U.S. v. Vidal-Mendoza, No. 11-30127 (01-15-13) (Ikuta with Tashima and Tallman)
A change in law does not help this 1326 defendant. The defendant's 1326 charge was dismissed because the district court found that in the immigration proceeding the Immigratoin Judge erroneously informed the defendant that his Oregon stat rape conviction was an aggravated felony and barred him from relief. The law subsequently held that the stat rape was not an aggravated felony. The 9th reversed the district court. The IJ had a responsibility to inform the defendant, at the time, if he had a basis for relief. However, at that time, the defendant did not. The IJ could not be expected to look ahead; the IJ informed the defendant of the lay of the land as it was. That comports with due process.
U.S. v. Gallegos-Galindo, No. 12-10000 (01-17-13) (Sack with Gould and M. Smith)
In a 1326 sentencing appeal, the defendant argued that a Washington state third-degree rape conviction was not a crime of violence, warranting a +16 level enhancement. He argued that the conviction was not a forcible sex offense under 2L1.2. The Guidelines were amended in 2008 to include as forcible sex any sex act involving absence of the victim's consent. Under a modified categorical approach, this offense was a forcible act, because the factual basis of the plea stated it was without the consent of the victim. The 9th does not reach out to say whether the state offense is a categorical crime of violence, because it did not need to.
U.S. v. Zepeda, No. 10-10131 (01-18-13) (Paez with Fernandez; dissent by Watford)
This is a Indian jurisdiction case, and specifically the requirement that the government prove that the defendant is an Indian for Major Crimes Act jurisdiction. In this case, the government and the defendant stipulated to the introduction of the Certificate of Enrollment of the defendant in an Indian tribe. However, the government introduced NO EVIDENCE that the tribe is federally recognized. As such, a jury could not find that the defendant had the bloodline back to a federally recognized tribe. The 9th also held this is a question of fact, not law, and the court could no so decide. Finally, the court could not take judicial notice. In dissent, Watford argues that as a matter of law, the tribes to which the defendant was enrolled were federally recognized. Any error was harmless.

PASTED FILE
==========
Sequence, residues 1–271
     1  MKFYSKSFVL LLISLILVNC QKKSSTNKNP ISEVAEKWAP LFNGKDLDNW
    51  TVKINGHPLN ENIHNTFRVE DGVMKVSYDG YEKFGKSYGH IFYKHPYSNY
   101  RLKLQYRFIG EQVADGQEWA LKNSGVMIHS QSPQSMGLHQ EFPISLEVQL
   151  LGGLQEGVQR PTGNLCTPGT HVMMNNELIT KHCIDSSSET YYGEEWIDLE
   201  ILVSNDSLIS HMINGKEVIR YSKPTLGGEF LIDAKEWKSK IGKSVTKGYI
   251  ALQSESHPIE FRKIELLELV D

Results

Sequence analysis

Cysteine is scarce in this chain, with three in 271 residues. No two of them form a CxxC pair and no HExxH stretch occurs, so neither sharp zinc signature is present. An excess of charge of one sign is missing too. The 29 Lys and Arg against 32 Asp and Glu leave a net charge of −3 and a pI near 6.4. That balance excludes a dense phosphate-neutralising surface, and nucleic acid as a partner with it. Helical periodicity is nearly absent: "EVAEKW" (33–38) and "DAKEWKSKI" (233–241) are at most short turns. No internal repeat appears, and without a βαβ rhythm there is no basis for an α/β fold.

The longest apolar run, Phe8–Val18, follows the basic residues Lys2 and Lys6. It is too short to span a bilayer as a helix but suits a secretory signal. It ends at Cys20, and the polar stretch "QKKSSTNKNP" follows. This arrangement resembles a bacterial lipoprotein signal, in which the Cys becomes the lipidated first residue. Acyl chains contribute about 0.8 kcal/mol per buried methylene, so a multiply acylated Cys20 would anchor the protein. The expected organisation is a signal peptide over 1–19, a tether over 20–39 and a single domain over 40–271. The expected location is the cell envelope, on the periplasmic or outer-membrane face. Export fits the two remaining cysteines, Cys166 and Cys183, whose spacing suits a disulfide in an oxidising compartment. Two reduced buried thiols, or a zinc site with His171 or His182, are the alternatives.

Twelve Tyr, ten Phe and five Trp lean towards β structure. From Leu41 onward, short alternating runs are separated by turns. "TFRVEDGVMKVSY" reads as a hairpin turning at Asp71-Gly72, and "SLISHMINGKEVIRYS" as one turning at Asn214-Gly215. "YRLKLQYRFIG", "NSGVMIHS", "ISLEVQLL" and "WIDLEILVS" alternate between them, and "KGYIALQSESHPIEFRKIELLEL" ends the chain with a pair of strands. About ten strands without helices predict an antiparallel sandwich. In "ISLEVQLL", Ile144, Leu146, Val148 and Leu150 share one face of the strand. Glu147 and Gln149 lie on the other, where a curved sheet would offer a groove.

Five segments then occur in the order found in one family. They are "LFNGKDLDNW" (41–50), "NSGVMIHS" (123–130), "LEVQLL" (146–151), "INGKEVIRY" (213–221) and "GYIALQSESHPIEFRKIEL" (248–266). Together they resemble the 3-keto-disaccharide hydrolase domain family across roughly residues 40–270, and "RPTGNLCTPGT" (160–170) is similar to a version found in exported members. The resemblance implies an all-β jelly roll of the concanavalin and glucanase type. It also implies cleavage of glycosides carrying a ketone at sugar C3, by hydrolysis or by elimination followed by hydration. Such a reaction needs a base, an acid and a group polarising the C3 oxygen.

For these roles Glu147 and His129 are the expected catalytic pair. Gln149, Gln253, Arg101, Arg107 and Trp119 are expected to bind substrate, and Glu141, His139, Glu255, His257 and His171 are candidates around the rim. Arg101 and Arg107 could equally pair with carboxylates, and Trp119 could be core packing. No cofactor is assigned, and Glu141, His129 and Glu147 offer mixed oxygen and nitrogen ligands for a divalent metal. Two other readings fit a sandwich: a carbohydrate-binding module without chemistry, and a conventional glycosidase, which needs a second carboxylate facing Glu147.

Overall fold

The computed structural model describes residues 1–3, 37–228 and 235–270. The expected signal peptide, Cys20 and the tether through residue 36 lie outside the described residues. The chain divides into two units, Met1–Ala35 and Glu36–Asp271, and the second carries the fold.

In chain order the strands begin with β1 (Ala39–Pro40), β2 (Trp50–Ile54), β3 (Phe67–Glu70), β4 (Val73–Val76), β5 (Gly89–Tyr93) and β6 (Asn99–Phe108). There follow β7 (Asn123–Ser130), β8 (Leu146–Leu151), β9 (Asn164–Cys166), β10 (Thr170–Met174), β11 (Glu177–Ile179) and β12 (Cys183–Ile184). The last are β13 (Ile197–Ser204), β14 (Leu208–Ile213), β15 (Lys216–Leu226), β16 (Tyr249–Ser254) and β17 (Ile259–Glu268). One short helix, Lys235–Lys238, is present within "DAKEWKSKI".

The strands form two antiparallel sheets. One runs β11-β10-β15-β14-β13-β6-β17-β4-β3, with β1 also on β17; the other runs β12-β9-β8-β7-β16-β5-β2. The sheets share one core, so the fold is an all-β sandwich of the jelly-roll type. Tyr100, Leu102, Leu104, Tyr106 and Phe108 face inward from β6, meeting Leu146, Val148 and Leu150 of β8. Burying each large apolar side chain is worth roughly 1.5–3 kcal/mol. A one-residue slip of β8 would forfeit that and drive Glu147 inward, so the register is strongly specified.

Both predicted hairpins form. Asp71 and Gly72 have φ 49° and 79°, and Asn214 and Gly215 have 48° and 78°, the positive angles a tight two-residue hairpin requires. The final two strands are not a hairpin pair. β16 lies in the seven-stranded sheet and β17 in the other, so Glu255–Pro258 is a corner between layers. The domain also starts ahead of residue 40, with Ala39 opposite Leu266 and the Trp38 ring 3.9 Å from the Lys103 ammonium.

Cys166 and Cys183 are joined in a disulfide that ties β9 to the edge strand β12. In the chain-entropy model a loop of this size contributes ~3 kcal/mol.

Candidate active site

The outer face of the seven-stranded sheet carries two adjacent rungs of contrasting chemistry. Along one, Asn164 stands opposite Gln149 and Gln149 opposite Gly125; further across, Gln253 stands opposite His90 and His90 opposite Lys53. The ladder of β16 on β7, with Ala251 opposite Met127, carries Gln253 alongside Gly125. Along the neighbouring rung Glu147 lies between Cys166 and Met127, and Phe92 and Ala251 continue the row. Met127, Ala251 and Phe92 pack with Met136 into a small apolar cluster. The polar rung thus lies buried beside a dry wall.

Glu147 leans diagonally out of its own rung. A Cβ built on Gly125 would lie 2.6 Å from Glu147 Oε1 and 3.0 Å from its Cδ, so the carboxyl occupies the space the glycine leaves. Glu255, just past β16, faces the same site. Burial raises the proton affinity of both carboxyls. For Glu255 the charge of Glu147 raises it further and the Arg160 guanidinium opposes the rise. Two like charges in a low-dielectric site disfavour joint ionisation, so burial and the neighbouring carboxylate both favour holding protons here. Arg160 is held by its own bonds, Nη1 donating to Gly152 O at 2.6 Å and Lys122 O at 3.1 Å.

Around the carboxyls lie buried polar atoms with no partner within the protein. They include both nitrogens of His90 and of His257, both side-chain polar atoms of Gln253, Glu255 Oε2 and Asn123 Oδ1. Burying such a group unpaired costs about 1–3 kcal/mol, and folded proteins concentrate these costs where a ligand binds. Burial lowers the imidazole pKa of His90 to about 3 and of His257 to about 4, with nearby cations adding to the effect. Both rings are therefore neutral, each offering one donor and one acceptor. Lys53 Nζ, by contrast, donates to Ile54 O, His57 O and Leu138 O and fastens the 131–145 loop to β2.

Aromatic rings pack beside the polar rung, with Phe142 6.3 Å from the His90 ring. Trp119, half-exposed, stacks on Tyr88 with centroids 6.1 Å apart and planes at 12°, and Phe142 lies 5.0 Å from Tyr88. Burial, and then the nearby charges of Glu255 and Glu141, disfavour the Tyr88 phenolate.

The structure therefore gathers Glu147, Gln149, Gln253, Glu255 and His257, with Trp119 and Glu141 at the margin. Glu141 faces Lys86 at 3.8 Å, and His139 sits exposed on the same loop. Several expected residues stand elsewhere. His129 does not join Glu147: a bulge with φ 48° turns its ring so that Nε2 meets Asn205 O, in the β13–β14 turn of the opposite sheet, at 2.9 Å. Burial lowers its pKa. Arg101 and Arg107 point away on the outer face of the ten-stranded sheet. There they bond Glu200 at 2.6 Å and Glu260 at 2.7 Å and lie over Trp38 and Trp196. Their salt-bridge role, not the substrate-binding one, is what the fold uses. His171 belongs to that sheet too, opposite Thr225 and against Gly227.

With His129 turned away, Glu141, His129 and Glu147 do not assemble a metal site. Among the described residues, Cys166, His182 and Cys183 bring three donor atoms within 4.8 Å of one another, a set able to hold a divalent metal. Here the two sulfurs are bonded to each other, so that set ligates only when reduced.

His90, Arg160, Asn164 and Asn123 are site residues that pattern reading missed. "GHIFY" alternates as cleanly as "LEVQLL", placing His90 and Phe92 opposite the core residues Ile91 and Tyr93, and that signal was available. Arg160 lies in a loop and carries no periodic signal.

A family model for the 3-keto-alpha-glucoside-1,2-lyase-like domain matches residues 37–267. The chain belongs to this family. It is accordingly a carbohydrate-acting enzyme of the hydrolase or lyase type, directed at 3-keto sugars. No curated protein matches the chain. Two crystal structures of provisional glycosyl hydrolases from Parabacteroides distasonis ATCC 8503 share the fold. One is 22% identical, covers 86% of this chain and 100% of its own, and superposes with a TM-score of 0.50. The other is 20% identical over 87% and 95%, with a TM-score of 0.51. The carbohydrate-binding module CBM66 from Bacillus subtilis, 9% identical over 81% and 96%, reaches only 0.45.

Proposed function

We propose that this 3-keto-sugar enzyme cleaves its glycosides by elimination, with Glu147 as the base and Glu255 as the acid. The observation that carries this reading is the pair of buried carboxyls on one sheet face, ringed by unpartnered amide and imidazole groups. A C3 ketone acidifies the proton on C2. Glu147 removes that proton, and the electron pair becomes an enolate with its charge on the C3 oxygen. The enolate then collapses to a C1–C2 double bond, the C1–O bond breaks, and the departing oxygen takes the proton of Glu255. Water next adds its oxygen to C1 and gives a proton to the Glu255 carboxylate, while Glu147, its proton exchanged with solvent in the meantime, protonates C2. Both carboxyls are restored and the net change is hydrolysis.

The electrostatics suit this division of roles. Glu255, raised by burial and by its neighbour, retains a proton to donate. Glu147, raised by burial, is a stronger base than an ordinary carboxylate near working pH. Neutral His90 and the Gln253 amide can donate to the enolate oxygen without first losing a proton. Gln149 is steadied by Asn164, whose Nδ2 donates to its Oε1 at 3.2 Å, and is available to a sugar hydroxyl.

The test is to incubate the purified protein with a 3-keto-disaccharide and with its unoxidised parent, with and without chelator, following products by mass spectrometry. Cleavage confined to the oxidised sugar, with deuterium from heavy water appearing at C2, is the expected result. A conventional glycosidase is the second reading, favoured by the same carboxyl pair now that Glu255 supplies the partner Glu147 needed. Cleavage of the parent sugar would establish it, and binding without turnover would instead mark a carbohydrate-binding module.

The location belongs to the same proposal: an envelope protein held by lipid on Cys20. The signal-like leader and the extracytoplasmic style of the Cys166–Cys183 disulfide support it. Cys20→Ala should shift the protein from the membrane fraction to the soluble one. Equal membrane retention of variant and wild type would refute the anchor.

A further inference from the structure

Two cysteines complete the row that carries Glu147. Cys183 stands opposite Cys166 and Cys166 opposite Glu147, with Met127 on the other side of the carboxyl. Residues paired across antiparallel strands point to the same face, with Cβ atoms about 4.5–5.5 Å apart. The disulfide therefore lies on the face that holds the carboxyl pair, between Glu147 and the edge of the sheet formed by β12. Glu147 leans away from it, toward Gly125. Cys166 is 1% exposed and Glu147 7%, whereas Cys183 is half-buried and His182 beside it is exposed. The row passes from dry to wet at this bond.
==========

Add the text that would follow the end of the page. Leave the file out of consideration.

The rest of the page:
This is a significant case when it comes to "Indian status" as the 9th requires the tie to federal recognzied tribes, and that it is a question for the jury.
Hurles v. Ryan, No. 08-99032 (01-18-13) (Nelson with Pregerson; dissent by Ikuta)
The 9th remanded on the issue of judicial bias in the state trial court. The state trial court had denied a recusal motion, and then filed a brief in the interlocutory appeal defending her position and commenting on the evidence. The trial judge then went on to preside over the capital trial that imposed death. An evidentiary hearing is warranted to develop the record on this issue. The dissent by Ikuta looks to AEDPA and argues that the decisions by the state courts were not contrary to federal law. The 9th affirmed the denial of the numerous IAC claims related to trial and sentencing.
Thompson v. Runnels, No. 08-16186 (01-24-13) (Ikuta; concurrence by Goodwin; dissent by Berzon)
Petitioner argues that his confession regarding the murder of his girlfriend should be suppressed under Missouri v. Siebert, 542 US 60 (2004). No, holds the 9th, because the state of the law at the time the state court decided the case was Oregon v. Elstad, 470 US 298 (1985). The 9th takes a step back from the Siebert two-step, and pivots to look backwards at the reasonableness of the decision under the law at the time under AEDPA. The opinion finds it was reasonable. Dissenting, Berzon argues that the petitioner should be allowed to raise issues, that the application of Miranda in this instance was an open question, and that the Supreme Court had evolved its Miranda jurisprudence and so not applying Siebert was a violation of established law. Goodwin, concurring, recognizes the confusion, and commends both the opinion and dissent. A strict adherence to AEDPA has him siding with the affirmance of the denial of the petition.